When the dynamic overclock frequency control data generator 410 is initially booted during initialization, the dynamic overclock frequency control data generator 410 may read the initial temperature data 440 corresponding to the junction temperature and then program the junction temperature threshold register 470 with appropriate dynamic threshold junction temperature data 460 into the interrupt control circuit 420, such as, for example, an upper junction temperature threshold and a maximum junction temperature threshold. According to one embodiment, the dynamic overclock frequency control data generator 410 executes instructions contained in memory 412 that, when executed, cause the dynamic overclock frequency control data generator 410 to determine the target frequency of the clock signal 30 for a particular temperature range and for a particular processing load on the circuit 20, such as a graphics coprocessor. If the initial frequency of the clock signal 30 is not equal to the initial target frequency for clock signal 30, then the dynamic overclock frequency control data generator 410 may cause clock generator circuit 310 to ramp up the frequency of the clock signal 30 to the target frequency. As the frequency of the clock signal 30 increases, the interrupt control circuit 420 constantly monitors the junction temperature of the integrated circuit die 60. Should the junction temperature increase above the temperature level programmed as the upper dynamic junction temperature threshold data 460, then the interrupt control circuit 420 triggers the interrupt control signal 450. For example, the interrupt control signal 450 may generate a PCI interrupt on an accelerated graphics processor (AGP) bus. Accordingly, the dynamic overclock frequency control data generator 410 may reprogram the upper and lower dynamic junction temperature threshold data 460 in the junction temperature threshold register 470 for triggering the interrupt control signal 450.

According to one embodiment, the dynamic overclock frequency control data generator 410 executes software, such as a software driver operating on the host processor, for controlling the interrupt control circuit 420 and the clock generator circuit 310, as well as other circuits within circuit 20, as is known in the art. The software drivers may control the frequency of the clock signal 30, as previously described.

After the dynamic overclock frequency control data generator 410 has completed its initialization boot sequence and has programmed the initial dynamic junction temperature threshold data 460 into the interrupt control circuit 420, the interrupt control circuit 420 begins monitoring the junction temperature via the temperature data 440. If the junction temperature data 440 exceeds the programmed dynamic junction temperature threshold data 460, then the interrupt control circuit 420 provides an interrupt control signal 450 to the dynamic overclock frequency control data generator 410 to begin reducing the frequency of the clock signal 30. In order to provide a safety margin for preventing a thermal runaway condition on circuit 20, the dynamic junction temperature threshold data 460 programmed into the junction temperature threshold register 470 may be decreased. If the temperature data 440 is lower than the programmed dynamic junction temperature threshold data 460, then the dynamic overclock frequency control data generator 410 may cause the clock generator circuit 310 to increase the frequency of the clock signal 30, as described above. Once the processor establishes a new frequency for the clock signal 30, the dynamic overclock frequency control data generator 410 clears the interrupt control signal 45 and programs the appropriate dynamic junction temperature threshold data 460 into the interrupt control circuit 420.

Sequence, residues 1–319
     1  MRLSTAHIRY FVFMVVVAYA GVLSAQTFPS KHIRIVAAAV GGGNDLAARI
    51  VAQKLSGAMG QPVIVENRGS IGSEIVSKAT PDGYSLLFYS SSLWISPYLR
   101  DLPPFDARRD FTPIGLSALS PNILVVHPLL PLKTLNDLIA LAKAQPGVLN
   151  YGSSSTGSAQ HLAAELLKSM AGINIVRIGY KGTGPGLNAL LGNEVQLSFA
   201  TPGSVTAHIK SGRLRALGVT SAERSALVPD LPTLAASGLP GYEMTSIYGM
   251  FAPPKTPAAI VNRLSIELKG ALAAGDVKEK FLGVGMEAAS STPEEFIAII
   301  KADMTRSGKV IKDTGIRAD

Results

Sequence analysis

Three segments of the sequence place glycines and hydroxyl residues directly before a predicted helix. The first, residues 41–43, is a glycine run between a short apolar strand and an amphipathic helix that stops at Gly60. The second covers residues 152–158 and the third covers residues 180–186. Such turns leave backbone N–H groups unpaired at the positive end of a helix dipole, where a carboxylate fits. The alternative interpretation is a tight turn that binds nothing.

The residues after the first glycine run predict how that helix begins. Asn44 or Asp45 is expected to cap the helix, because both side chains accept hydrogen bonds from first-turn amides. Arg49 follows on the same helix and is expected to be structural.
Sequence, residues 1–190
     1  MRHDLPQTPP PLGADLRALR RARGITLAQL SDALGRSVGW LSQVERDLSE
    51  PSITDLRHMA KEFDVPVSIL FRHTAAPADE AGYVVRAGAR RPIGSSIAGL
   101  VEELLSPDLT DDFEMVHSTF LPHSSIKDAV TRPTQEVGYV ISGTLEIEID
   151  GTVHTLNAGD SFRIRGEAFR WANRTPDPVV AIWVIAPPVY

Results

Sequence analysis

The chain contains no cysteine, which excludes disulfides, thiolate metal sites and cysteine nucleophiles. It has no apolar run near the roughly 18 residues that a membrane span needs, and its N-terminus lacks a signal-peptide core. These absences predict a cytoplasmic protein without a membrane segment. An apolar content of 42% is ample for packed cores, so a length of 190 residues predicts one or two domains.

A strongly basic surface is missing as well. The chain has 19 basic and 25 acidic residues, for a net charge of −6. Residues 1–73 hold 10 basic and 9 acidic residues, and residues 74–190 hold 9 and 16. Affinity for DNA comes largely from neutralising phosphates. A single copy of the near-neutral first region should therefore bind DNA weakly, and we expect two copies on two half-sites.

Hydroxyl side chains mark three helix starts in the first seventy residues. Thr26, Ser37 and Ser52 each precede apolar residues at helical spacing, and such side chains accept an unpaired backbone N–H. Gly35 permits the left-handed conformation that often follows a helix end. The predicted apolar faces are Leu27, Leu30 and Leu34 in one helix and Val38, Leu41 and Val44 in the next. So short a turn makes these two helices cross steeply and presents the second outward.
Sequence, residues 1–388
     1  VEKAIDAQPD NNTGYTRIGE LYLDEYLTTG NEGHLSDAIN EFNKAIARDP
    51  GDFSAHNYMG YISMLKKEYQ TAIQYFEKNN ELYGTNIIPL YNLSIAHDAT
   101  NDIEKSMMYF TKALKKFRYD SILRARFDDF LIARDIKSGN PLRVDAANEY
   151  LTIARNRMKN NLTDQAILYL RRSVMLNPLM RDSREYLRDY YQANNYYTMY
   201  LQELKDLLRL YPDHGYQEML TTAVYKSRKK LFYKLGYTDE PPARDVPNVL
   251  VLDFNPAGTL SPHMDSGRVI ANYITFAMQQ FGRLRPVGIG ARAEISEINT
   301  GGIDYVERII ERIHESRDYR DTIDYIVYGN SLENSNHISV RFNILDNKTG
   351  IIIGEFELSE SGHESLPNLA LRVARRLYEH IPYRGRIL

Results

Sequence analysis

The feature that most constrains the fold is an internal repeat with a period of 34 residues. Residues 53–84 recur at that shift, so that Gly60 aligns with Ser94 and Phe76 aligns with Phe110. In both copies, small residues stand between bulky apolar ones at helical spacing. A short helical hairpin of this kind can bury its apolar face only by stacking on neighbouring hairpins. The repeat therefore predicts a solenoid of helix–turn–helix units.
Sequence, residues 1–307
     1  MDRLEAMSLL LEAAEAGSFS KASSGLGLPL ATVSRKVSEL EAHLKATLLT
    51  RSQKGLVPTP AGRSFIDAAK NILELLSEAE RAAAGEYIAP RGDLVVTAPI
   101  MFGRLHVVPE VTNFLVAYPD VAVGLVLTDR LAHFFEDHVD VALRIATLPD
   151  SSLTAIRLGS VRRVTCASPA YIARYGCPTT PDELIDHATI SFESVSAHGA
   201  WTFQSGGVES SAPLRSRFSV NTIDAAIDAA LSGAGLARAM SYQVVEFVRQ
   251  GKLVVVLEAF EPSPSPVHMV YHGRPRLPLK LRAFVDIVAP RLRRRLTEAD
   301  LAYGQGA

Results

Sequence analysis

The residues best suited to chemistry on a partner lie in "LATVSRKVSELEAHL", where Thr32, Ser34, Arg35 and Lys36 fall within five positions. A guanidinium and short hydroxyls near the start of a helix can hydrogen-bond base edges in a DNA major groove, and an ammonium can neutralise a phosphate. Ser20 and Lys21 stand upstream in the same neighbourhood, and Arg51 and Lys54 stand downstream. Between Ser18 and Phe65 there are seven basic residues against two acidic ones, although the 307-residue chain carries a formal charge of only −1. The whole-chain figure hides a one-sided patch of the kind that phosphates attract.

FIG. 6 is a block diagram illustrating one example of the clock control system 10 consolidated on an integrated circuit die 60. According to this embodiment, the temperature dependent dynamic overclock control logic 300 is included in integrated circuit die 60. According to one embodiment, the integrated circuit die 60 includes an application specific integrated circuit (ASIC) such that the clock control system 10 is a portion of the application specific integrated circuit.

Among other advantages, the present invention allows the circuit, such as a graphics processor, to operate at a highest possible safe clock frequency permitted based on the detected junction temperature. Since a circuit typically operates at a junction temperature that is less than the maximum rated operating junction temperature, the operating clock frequency may be increased above the maximum rated operating clock frequency associated with the maximum rated junction temperature. The clock control system adapts the frequency of the clock signal according to the junction temperature by monitoring the circuit junction temperature via the thermal sensor to form a feedback loop. The detected junction temperature will then be used as a feedback signal to determine a safe operating clock rate associated with the current circuit junction temperature. Accordingly, the clock control system may increase or decrease the clock rate, according to the current junction temperature. As a result, the circuit may operate as fast as possible within a desired safety margin. Consequently, the performance of the circuit may increase, further increasing the performance of the computer system. For example, as the junction temperature decreases, the clock frequency of the circuit may increase, thus increasing performance. Additionally, the clock control system may provide a performance increase greater than that available with current fixed clock rate systems. The operating clock frequency will always be greater than or equal to the maximum clock frequency associated with the maximum junction temperature, unless the junction temperature exceeds the maximum rated junction temperature. Further, if the junction temperature approaches or exceeds the maximum junction temperature, then the clock signal frequency may be further reduced and a supply voltage to the circuit may be reduced in order to avoid damage to the circuit by, for example, a thermal runaway condition.

It is understood that the implementation of other variations and modifications of the invention and its various aspects will be apparent to those of ordinary skill in the art and that the invention is not limited by the specific embodiments described. It is therefore contemplated to cover the present modifications, variations or equivalents that fall within the spirit and scope of the basic underlying principles disclosed and claimed herein.

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Classifications
U.S. Classification713/500, 713/322
International ClassificationG06F1/04, G06F1/20
Cooperative ClassificationG06F1/206
European ClassificationG06F1/20T